David H Rosen, a lifelong New Yorker, left the city for only four years, to attend Cornell University in Ithaca. After returning for a Ph.D. in psychology at New York University, he scored a rent-stabilized two-bedroom in Prospect Heights, Brooklyn. He brought in the occasional roommate, but mostly kept the place for himself and a cat or two.
Always interested in buying, Mr. Rosen checked out plenty of apartments over the years, often in small walk-up buildings. One place in Park Slope was a two-bedroom with a roof terrace and an attic.
“It was a standard beautiful brownstone — old on the outside, new on the inside,” Mr. Rosen said. A spiral staircase led to the tiny attic, with skylights.
“I thought that was the coolest thing, this attic,” he said. “I couldn’t afford it at the time, but every place I went into, I compared it to that in my brain.”
Mr. Rosen, 42, started seriously hunting after discussions with a childhood friend, Gabriella Santoro, a licensed agent at Bond New York. His aim was a two-bedroom for up to $900,000.
The place had to be within walking distance — 25 minutes or less — of Tom’s Restaurant in Prospect Heights, where every Saturday he eats breakfast with friends. It also needed outdoor space, preferably elevated and private.
“I really like being outside and I like being on a perch,” he said. “I like hiking up mountains and leaning over railings.”
Mr. Rosen thought he would be interested in one of the borough’s many new buildings. But the apartments all seemed the same, with construction of questionable quality and unnecessarily high-tech features.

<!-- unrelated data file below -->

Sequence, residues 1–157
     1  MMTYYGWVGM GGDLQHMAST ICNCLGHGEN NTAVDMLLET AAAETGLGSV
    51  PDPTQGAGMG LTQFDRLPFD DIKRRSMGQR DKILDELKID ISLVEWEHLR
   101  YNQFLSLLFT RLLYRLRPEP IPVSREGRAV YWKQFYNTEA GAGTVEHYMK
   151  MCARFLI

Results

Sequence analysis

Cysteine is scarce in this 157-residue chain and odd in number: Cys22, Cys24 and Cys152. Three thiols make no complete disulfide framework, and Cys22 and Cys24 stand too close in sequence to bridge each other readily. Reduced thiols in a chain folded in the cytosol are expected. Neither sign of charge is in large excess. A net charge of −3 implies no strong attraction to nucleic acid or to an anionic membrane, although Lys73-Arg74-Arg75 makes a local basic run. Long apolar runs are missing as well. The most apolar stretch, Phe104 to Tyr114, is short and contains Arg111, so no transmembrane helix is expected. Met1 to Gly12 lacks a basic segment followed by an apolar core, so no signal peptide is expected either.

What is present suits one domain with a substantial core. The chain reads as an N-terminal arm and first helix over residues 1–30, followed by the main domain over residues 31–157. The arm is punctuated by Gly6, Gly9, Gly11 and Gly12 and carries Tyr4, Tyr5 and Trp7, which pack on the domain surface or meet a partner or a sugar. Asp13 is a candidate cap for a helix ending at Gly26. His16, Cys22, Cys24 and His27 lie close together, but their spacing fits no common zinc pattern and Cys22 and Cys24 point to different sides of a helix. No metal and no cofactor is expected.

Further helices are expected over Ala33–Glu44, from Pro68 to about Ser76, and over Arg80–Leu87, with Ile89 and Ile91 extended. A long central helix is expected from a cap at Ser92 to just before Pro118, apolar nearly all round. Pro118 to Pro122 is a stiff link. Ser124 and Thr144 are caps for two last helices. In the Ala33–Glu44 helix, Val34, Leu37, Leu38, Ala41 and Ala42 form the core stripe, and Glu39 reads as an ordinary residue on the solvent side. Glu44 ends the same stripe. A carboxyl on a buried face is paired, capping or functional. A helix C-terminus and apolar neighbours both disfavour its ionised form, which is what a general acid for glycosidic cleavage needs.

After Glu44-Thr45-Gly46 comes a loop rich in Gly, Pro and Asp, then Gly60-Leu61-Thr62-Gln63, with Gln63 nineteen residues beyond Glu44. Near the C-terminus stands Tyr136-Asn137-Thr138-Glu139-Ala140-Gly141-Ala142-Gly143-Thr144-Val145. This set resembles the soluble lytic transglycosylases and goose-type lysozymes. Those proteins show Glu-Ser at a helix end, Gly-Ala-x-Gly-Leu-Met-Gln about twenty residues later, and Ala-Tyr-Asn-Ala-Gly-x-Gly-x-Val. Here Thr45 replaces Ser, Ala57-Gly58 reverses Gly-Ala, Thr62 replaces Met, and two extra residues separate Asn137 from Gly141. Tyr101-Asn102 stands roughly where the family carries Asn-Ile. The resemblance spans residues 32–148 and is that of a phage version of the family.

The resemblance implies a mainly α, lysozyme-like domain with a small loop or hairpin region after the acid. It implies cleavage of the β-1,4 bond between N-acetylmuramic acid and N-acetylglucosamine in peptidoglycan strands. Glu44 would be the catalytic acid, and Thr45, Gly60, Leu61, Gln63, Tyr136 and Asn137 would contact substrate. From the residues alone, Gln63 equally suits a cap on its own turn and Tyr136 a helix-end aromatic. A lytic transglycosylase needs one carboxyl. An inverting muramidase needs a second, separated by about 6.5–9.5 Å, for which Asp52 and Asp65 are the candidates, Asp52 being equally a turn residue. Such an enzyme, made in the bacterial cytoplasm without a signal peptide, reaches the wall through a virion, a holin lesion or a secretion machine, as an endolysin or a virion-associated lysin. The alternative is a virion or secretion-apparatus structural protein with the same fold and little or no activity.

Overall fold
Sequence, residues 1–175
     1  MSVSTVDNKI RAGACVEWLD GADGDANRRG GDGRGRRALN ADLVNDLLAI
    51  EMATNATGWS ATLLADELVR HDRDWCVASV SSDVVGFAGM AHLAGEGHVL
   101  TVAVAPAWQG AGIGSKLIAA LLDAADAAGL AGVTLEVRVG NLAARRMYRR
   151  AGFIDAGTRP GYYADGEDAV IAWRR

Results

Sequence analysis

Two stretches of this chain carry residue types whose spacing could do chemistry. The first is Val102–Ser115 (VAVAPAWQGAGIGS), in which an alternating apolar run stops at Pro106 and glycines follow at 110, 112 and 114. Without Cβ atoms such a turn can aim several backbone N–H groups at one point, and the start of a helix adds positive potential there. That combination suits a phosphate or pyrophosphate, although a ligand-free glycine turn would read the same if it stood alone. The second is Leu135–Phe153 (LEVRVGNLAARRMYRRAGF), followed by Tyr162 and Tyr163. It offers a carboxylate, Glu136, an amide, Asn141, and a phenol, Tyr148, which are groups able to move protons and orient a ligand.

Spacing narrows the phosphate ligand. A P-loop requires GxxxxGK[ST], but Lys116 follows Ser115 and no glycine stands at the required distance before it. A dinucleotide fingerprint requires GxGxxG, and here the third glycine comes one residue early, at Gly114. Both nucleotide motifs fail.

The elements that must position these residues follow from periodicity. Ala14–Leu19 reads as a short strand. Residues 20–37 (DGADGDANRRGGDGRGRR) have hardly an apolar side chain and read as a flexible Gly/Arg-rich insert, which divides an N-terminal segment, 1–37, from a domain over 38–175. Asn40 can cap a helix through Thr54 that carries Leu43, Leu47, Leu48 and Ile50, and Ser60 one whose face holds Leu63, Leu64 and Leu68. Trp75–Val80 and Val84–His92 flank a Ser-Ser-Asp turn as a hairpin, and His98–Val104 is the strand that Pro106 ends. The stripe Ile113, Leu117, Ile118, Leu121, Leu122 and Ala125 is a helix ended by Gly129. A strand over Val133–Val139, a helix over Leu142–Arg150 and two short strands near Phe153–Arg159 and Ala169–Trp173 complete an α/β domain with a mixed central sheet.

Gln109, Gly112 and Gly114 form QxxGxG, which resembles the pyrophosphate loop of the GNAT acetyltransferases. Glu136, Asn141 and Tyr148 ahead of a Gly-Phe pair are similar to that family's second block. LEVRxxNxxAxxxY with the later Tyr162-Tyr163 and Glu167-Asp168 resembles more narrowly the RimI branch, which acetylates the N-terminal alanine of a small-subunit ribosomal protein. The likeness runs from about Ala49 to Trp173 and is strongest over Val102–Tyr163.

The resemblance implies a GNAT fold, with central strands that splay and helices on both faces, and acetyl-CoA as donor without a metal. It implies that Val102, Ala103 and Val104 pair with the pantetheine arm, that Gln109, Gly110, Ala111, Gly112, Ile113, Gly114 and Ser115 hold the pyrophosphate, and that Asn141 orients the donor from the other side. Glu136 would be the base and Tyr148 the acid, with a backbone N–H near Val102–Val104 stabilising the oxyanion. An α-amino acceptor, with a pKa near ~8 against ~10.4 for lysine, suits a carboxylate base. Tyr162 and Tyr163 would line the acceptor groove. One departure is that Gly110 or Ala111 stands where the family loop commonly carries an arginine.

In a 2004 condominium in Bedford-Stuyvesant, where prices were in the $800,000s, the apartments had private keyed elevators. “When you get off the elevator, you are in the apartment,” Ms. Santoro said. “There isn’t even a front door.”
Mr. Rosen found such elevators off-putting. “For some reason, I trust a multilock more than a key that opens the elevator,” he said. “There’s no upside to a keyed elevator for me.”
Last spring, he saw a beautifully restored Park Slope one-bedroom where it was possible to carve a second bedroom from the L-shaped living area, which included a “windowed alcove.” There was a terrace off the bedroom.
The listing price was $849,000, with maintenance in the mid-$500s.
When his offer of $851,000 was declined, he felt relieved. The apartment was not quite right. The location, just one door in from Prospect Park, made for an uninteresting walk to the subway, which he rides to the Flatiron district for his job as a data scientist at a company that funds small businesses.
“There are no commercial places between the train and that apartment,” he said. “I like to pick up cat food or dry cleaning or whatever on the way home.”
The place ultimately sold for $945,000, more than 10 percent above the listing price. “Properties are often priced low in order to attract attention and encourage bidding wars,” Ms. Santoro said.